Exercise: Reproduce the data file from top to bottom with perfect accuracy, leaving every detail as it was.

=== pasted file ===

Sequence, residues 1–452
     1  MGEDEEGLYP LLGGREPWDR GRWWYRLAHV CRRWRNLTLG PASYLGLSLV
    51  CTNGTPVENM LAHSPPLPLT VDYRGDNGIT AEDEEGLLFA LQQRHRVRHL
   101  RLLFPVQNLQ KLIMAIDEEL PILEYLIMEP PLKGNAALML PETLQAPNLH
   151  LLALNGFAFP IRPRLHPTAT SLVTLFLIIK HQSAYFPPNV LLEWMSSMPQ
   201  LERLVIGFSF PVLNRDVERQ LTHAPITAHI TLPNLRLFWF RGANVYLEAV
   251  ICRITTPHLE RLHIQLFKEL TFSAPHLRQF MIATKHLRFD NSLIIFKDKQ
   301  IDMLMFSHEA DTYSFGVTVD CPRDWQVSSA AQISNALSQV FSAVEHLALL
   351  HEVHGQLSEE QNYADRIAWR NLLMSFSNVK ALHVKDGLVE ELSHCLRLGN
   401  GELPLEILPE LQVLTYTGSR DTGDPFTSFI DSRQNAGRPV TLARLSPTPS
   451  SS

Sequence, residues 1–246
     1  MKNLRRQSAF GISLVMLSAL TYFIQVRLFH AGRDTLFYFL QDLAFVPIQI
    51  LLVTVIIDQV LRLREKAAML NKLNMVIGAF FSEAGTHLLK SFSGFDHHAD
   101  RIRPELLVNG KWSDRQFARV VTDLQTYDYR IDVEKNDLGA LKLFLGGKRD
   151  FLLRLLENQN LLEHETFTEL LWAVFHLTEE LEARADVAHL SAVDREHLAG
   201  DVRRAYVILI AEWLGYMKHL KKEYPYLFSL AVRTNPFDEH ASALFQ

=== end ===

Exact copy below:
Sequence, residues 1–452
     1  MGEDEEGLYP LLGGREPWDR GRWWYRLAHV CRRWRNLTLG PASYLGLSLV
    51  CTNGTPVENM LAHSPPLPLT VDYRGDNGIT AEDEEGLLFA LQQRHRVRHL
   101  RLLFPVQNLQ KLIMAIDEEL PILEYLIMEP PLKGNAALML PETLQAPNLH
   151  LLALNGFAFP IRPRLHPTAT SLVTLFLIIK HQSAYFPPNV LLEWMSSMPQ
   201  LERLVIGFSF PVLNRDVERQ LTHAPITAHI TLPNLRLFWF RGANVYLEAV
   251  ICRITTPHLE RLHIQLFKEL TFSAPHLRQF MIATKHLRFD NSLIIFKDKQ
   301  IDMLMFSHEA DTYSFGVTVD CPRDWQVSSA AQISNALSQV FSAVEHLALL
   351  HEVHGQLSEE QNYADRIAWR NLLMSFSNVK ALHVKDGLVE ELSHCLRLGN
   401  GELPLEILPE LQVLTYTGSR DTGDPFTSFI DSRQNAGRPV TLARLSPTPS
   451  SS

Sequence, residues 1–246
     1  MKNLRRQSAF GISLVMLSAL TYFIQVRLFH AGRDTLFYFL QDLAFVPIQI
    51  LLVTVIIDQV LRLREKAAML NKLNMVIGAF FSEAGTHLLK SFSGFDHHAD
   101  RIRPELLVNG KWSDRQFARV VTDLQTYDYR IDVEKNDLGA LKLFLGGKRD
   151  FLLRLLENQN LLEHETFTEL LWAVFHLTEE LEARADVAHL SAVDREHLAG
   201  DVRRAYVILI AEWLGYMKHL KKEYPYLFSL AVRTNPFDEH ASALFQ